In recent times Doug Wenger, a son of the church, and his wife Cassia have been privately supported Christian missionaries in Brazil. However, most outreach efforts have been local. Members were instrumental in the organization of a Day Care Center in Broadway. The Broadway Presbyterian Church’s Daily Bread Food Pantry, with the assistance of individuals, civic groups, and other area churches, has served the nutritional needs of needy families of the region for more than a quarter of a century! Each year Food Pantry supporters in the church and the community “adopt” children of the Food Pantry recipient families, providing Christmas gifts of clothing and toys. The congregation served as supporting sponsors of a Russian refugee family. Habitat for Humanity houses have been supported by the church, including carpentry and electrical work, in addition to financial contributions. Members and Pastor Sarah Hill traveled to Gulfport, Mississippi, on mission trips to repair Hurricane Katrina damage. However, the ambitions of reaching out to the world and spreading the Gospel can not be more important that the Christian nurture of each other and imbuing the on-coming generation with the knowledge of God’s love and the habit of seeking God’s will. Such have been the major, historical accomplishments of the Broadway Presbyterian Church.
Organists: Edgar T. Branner; Charity Knighting Stevens; Sandra Taylor Anzuini; Sarah Fawley (pianist); Barbara Bowman; Anne Shifflet; Austin Wright.
Ministers: Thomas D. Bell (seminary student), 1870-1872; George L. Cook, 1872-1873; Daniel L. Wilson, 1874-1880; Addison H. Price, 1880-1882; Patterson Fletcher, 1883-1892; Francis G. Hartman, 1893-1899; Samuel S. Oliver, 1900-1902; Samuel T. Ruffner, (seminary student) 1902-1904; George L. Brown (seminary student) 1904-1905; Samuel T. Ruffner, 1905-1910; George B. Hanrahan, 1910-1911; Leander McC. Williams, 1912-1914; H. Ward Shannon 1915-1921; Kenneth McCaskill, 1921-1923; Andrew J. Ponton, 1924-1927, Clyde R. McCubbins, 1928-1931; Beverly O. Shannon, 1931-1948; Marion L. Simmons, 1951-1953; W. Ellsworth Orndoff, 1954-1963; Roger K. Elliott, 1963-1969; Marion L. Simmons, 1969-1985; John McDonald, 1986-2000; Sarah L. Hill, 2002-2010.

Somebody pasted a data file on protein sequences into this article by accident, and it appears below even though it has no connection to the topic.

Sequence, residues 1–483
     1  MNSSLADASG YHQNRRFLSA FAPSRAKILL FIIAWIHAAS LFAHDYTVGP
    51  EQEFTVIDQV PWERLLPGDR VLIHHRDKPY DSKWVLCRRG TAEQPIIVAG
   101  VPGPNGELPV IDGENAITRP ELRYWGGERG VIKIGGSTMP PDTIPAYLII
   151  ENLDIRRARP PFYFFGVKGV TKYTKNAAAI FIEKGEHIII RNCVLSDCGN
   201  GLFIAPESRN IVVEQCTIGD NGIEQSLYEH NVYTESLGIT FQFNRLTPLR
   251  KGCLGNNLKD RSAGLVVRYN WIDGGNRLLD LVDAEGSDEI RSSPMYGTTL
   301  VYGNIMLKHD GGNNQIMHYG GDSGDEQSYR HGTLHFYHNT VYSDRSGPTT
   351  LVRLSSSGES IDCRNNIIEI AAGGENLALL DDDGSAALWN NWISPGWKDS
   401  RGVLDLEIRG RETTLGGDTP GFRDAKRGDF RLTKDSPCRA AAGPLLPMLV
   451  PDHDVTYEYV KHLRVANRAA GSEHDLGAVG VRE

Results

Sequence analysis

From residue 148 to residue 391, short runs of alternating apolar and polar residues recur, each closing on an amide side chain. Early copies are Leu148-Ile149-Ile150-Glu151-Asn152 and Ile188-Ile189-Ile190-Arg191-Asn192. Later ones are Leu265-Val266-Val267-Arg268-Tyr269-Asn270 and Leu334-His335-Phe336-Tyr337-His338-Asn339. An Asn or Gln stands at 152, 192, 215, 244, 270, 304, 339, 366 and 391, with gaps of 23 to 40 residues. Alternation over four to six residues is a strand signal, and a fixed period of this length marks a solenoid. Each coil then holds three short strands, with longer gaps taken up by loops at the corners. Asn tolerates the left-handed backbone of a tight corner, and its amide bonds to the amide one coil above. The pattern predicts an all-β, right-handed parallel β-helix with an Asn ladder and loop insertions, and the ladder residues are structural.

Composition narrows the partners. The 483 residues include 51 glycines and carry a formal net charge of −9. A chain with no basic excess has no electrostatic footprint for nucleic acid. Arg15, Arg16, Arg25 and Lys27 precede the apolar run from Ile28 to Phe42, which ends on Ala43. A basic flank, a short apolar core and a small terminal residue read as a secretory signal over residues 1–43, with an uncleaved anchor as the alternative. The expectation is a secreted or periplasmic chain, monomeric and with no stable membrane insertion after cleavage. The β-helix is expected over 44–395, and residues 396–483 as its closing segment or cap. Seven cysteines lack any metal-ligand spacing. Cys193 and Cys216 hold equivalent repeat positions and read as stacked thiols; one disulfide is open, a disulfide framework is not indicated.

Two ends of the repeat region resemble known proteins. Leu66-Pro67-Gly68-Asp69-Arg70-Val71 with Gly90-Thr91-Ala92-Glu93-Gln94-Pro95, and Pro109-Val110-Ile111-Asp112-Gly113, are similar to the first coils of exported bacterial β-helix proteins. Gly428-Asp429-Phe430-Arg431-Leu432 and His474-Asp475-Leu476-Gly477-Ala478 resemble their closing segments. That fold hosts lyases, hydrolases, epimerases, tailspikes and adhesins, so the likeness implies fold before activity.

Interim Ministers: Joseph T. Sefcik, 1985-1986; Don Allen, 2000-2002; Betty Goshorn Dax, 2011-2013.
Temporary Supply Ministers: Constance Dorn, 2013-2014; Charles Reller, 2014.
Contracted Supply Pastors: Joan Wilson 2014-2018; Jacob Kave, 2019- .
Stonewall in the Valley by Robert Tanner, Doubleday & Company, 1966
The Lexington Presbyterian Heritage by Howard McKnight Wilson. McClure press, Verona, Virginia, 1971
The Burning by John L. Heatwole. Howell Press, Inc., 1990
Virginia Valley Records by John W. Wayland. Reprinted by Genealogical Publishing Co., Inc., 2001. Includes Letters of a Cavalry Captain 1861-1862, J.Q. Winfield, Captain Company B, Seventh Regiment, Virginia Cavalry, Compiled With Addenda By His Daughter Paulina Swift Winfield
Between the Seventies, a publicly performed, but unpublished pageant written by the Rev. Dr. Marion L. Simmons, 1970, to celebrate the church’s centennial